First fair chance licensing reforms of 2024

Expanding employment opportunities in licensed occupations has been a priority for criminal record reformers in the past half dozen years. Happily, fair chance licensing reforms also appear less politically controversial than some others, with Midwestern states like Iowa and Indiana among the most progressive in the Nation in their treatment of justice-impacted license applicants and licensees.

In the first three months of 2024, two more Midwestern states (South Dakota and Nebraska) enacted comprehensive changes to their licensing laws, while a third state (Pennsylvania) was poised to close a major loophole in its licensing scheme. These reforms continue a nationwide trend that since 2017 has seen 43 states and the District of Columbia enact 79 separate laws* to limit state power to deny opportunity to qualified individuals based on their criminal history. Significant legislation is under serious consideration in half a dozen additional states, so we expect this year to produce another bumper crop of fair chance licensing laws.

The new laws are described briefly below, and additional details can be found in the relevant state profile from the Restoration of Rights Project.

South Dakota

In February, South Dakota became the most recent state to enact a uniform approach to licensing justice-impacted individuals. SB 57. As we noted in 2022 in The Many Roads from Reentry to Reintegration report, South Dakota was one of only 3 states that had “no general law or regulations setting limits on how licensing boards may consider an applicant’s criminal record.”  But now, under SB 57, licensing boards may only disqualify applicants with a criminal history if they have been convicted of a crime that “directly relates” to the license at hand, in which case the agency must consider whether “the applicant or licensee has been rehabilitated to the extent that the person no longer poses the kind of risk to the profession or occupation associated with that type of conviction.”

Boards are further prohibited from considering non-conviction records, or convictions that have been pardoned, sealed, or expunged. The new law also requires boards to provide applicants with an opportunity for a hearing before denial, and a right to appeal the board’s decision. Critically, SB 57 also establishes a preliminary determination process that allows potential applicants to petition a board to see if their record would be disqualifying before they invest in any costly training or coursework.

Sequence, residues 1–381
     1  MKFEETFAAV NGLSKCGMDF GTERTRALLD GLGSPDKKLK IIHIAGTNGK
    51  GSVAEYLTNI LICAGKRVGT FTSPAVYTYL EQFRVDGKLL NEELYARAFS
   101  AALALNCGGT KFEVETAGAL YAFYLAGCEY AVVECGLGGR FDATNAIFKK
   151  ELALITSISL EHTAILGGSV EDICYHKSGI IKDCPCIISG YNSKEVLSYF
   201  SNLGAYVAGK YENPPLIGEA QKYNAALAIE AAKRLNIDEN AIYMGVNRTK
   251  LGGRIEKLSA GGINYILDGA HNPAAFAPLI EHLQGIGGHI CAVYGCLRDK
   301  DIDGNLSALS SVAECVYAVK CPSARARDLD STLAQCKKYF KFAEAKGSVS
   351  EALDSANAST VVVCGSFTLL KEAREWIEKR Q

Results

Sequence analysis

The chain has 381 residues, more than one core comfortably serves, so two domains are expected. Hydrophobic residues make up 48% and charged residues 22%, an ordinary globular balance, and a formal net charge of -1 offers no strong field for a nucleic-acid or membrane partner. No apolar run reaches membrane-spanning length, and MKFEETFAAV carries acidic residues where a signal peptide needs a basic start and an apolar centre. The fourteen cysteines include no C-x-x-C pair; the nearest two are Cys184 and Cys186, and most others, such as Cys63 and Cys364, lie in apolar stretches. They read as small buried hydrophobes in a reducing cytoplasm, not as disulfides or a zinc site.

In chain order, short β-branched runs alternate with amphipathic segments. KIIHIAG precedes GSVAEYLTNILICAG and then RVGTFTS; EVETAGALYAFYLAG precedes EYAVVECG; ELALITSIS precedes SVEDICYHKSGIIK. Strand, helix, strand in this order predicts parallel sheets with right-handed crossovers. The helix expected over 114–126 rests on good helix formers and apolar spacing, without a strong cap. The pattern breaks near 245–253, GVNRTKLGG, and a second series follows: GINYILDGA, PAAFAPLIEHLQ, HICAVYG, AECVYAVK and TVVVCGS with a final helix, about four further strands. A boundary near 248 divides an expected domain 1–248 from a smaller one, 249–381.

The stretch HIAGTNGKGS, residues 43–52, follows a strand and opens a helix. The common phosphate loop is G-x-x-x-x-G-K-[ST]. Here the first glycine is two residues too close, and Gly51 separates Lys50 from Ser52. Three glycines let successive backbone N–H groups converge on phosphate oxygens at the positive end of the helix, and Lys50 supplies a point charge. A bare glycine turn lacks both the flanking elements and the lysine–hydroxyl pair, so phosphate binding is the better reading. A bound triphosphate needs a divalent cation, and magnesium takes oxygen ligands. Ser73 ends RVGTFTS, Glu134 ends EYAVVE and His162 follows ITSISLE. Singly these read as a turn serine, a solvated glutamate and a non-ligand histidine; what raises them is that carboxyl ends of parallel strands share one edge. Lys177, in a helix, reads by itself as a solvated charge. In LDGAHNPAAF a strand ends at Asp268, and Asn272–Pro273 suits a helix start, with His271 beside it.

A few weeks after South Dakota adopted its first-time reforms, Nebraska produced an expansive overhaul of its licensing restrictions that resulted in some of the nation’s strongest protections for justice-impacted people seeking licensure. Nebraska’s LB 16 strengthens the protections offered by the new South Dakota law by authorizing denial only if a conviction “directly and specifically” relates to the occupation; if obtaining a license “would pose a direct and substantial risk to public safety because the individual has not been rehabilitated;” and, starting next year, only if a license applicant or licensee has been convicted of an offense on a list of 27 serious violent or fraud offenses. The new Nebraska law forbids consideration of non-conviction records or records that have been expunged, set aside, sealed, or pardoned.  If more were required, the new law prohibits consideration of convictions older than 3 years if no prison sentence was imposed, and three years after release from prison if it was — unless the conviction is one of the 27 potentially disqualifying convictions defined in the statute.